In no case is this more true than in the case of our stewardship for our children. Is what is popular really best for their healthy development and eternal welfare? Do we quietly go along with worldly trends, hoping our children will weather it without negative consequence? The pressures to “get with the times” and accept brand new ideas about what is appropriate in regard to human sexuality are significant. As David Stone described in Zion in the Midst of Babylon, “All too often, we are like puppets on a string, as our culture determines what is ‘cool.’”
Going with the flow of the world around us has never been a safe course for parents, but the need to stand for something and confidently buck worldly trends as we guide our children in the ways of righteousness has grown to an imperative.
Children deserve to enjoy the innocence natural to their state when those entrusted with their care protect them as they should. Young people deserve to be treated not as animals that need to indulge their every urge, but respected as human souls with the ability to make wise life decisions under the straightforward guidance and encouragement of supportive adults. In the matter of Comprehensive Sexuality Education, wisdom advises that we arm ourselves with truth so we can discern the marketing ploys for what they are, and speak up for our children.
Call To Action:
Utah’s HB 215 will be heard in the Education Committee today, February 6, 2017, at 3:40 p.m. If you live in Utah:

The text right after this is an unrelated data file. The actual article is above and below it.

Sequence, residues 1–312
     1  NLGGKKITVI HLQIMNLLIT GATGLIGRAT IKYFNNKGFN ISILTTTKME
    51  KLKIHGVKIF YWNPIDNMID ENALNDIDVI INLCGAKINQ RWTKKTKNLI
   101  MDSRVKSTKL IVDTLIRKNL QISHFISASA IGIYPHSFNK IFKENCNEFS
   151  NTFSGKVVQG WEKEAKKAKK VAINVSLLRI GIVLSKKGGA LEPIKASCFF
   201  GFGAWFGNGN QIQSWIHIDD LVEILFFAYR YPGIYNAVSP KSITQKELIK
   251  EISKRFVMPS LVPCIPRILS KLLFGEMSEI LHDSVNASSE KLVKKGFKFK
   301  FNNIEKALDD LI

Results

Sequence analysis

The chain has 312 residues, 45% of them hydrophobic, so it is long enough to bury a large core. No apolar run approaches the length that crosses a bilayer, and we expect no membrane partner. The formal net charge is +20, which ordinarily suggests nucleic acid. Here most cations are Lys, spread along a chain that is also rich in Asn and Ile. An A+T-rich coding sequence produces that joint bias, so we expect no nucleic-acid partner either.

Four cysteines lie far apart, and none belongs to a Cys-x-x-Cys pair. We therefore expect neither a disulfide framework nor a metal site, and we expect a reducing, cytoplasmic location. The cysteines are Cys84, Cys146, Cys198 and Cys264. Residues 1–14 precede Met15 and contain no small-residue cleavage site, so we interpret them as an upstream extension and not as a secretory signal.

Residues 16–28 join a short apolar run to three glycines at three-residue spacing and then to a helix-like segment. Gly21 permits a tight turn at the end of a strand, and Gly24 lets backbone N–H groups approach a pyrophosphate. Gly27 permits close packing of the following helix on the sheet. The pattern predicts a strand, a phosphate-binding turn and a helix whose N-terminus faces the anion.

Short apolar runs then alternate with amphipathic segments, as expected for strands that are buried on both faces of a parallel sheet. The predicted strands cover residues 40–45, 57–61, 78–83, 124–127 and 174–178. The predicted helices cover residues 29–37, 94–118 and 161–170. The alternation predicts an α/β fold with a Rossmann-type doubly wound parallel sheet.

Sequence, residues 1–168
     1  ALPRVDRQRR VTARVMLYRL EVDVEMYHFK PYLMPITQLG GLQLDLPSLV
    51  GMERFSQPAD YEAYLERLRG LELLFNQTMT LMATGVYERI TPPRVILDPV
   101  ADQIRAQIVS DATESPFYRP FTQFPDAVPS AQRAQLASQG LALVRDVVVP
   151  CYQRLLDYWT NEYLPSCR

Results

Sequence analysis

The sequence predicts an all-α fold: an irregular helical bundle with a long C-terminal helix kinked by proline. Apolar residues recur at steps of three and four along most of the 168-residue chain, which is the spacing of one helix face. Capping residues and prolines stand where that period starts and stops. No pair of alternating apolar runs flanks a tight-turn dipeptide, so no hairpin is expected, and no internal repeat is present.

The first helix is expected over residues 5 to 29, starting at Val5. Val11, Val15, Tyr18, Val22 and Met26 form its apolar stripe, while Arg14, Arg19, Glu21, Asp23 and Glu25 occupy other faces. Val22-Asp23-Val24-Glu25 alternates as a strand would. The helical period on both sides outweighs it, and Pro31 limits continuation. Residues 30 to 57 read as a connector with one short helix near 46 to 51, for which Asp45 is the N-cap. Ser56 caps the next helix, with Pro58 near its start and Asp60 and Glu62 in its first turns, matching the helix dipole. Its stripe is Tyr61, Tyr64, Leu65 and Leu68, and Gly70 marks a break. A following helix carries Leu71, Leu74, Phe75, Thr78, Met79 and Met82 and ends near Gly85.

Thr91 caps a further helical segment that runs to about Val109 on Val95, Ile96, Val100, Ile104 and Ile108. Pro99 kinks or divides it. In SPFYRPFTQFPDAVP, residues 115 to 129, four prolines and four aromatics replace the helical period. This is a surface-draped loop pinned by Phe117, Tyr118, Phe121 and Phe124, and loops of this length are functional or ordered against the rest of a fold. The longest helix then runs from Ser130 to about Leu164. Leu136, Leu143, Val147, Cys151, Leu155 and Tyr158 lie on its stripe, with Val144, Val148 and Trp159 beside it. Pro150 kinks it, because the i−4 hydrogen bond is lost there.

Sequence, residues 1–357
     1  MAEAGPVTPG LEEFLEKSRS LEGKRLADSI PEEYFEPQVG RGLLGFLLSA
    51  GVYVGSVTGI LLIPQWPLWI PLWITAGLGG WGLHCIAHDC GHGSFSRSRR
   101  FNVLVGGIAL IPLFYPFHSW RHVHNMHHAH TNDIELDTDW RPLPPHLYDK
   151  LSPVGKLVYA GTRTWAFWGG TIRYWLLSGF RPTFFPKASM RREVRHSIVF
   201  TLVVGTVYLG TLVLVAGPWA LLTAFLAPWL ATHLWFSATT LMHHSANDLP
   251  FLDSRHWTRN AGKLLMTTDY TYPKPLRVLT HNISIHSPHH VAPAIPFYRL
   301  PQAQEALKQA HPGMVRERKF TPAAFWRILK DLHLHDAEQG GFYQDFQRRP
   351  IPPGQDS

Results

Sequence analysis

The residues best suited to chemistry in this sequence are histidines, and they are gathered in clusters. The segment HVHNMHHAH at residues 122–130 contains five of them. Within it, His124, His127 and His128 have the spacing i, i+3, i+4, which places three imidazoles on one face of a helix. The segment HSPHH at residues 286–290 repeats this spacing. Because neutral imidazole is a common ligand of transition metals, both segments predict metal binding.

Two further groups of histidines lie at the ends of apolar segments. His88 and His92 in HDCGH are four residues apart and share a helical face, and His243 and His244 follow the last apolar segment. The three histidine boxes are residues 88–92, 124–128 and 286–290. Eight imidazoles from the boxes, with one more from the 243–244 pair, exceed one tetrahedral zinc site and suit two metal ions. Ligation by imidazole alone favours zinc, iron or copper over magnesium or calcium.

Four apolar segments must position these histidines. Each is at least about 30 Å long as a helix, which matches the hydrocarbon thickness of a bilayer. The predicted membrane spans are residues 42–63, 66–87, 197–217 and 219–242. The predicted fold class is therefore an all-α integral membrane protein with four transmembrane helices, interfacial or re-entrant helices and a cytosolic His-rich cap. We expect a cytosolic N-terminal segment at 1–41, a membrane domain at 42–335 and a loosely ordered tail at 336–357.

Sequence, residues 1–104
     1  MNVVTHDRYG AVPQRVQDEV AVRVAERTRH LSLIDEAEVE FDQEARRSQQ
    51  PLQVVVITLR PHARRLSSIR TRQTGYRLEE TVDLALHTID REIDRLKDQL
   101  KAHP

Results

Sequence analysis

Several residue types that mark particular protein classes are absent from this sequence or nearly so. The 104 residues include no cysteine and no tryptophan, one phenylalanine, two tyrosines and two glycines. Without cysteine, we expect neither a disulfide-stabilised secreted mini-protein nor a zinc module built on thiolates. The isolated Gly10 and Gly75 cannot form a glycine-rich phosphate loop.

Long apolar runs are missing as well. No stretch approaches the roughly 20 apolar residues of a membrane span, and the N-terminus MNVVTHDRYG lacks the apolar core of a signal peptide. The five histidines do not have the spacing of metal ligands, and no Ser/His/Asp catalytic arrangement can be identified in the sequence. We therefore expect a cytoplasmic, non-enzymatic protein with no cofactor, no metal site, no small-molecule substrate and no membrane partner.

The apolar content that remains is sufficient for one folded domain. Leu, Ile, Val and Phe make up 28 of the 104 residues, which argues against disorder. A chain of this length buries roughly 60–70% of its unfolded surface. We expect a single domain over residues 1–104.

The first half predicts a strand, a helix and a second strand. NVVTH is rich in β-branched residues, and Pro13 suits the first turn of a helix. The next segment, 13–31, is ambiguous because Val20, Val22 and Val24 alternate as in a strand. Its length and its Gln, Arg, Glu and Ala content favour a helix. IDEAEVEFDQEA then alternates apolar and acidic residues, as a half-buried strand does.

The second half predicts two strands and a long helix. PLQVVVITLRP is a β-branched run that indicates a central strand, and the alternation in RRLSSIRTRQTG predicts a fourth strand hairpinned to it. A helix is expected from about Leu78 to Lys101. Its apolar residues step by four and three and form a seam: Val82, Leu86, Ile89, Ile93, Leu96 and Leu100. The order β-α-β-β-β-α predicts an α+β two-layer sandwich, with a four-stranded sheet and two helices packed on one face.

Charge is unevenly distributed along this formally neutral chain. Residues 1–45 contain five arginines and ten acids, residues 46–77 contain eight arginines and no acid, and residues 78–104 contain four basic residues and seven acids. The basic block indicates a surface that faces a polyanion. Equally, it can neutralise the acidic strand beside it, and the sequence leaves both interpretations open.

- Contact the members of the Education Committee with a quick email or text message and let them know how you feel about this bill. Contact information is here: https://le.utah.gov/asp/interim/Commit.asp?Year=2017&Com=HSTEDU
- Contact your own state representative and senator with a quick email or text message and let them know how you feel about this bill. In the subject line write that you are a constituent. Find your local legislator here: https://le.utah.gov/GIS/findDistrict.jsp
- Attend the hearing at the Capitol in Room 30 of the House Building, which is the east building on the north side of the Capitol.
JHFebruary 10, 2017
Mormons don't need to fear CSE in schools. This article is full of fear tactics, propaganda, and bad research. Programs that teach young people about both abstinence AND contraception and STD prevention are more effective than abstinence only. Communities where education and contraception are readily available have fewer instances of unwanted pregnancy, STD's and a lower abortion rate. Abstinence-only programs do not delay sexual activity among teens. It's time to get real about what strategies actually protect our children.
E.B.February 8, 2017
I was blessed to have taken an excellent - not abstinence focused but also not comprehensive - sex education class in the 9th grade and as an adult I have studied one of the best comprehensive sexuality courses (which was created by the United Church of Christ and the Unitarian Universalists). These courses respect children's abilities to understand their own amazing bodies and their responsibility to take excellent care of them. A good sex ed course finds ways to open up the conversation between parents and kids - mine created a dialogue between myself and my father that is still going 30 years later - and encourages kids not to just follow the crowd - to learn how to say no to a partner but also to understand the right ways to say yes. They do not ENCOURAGE sexuality, they empower kids to make good choices for themselves - both before and after they are married. The descriptions given here are far removed from the reality of most of these programs. I finished my sex ed course a more knowledgable, strong, confident and capable human being - and I stayed a virgin until I got married at 32.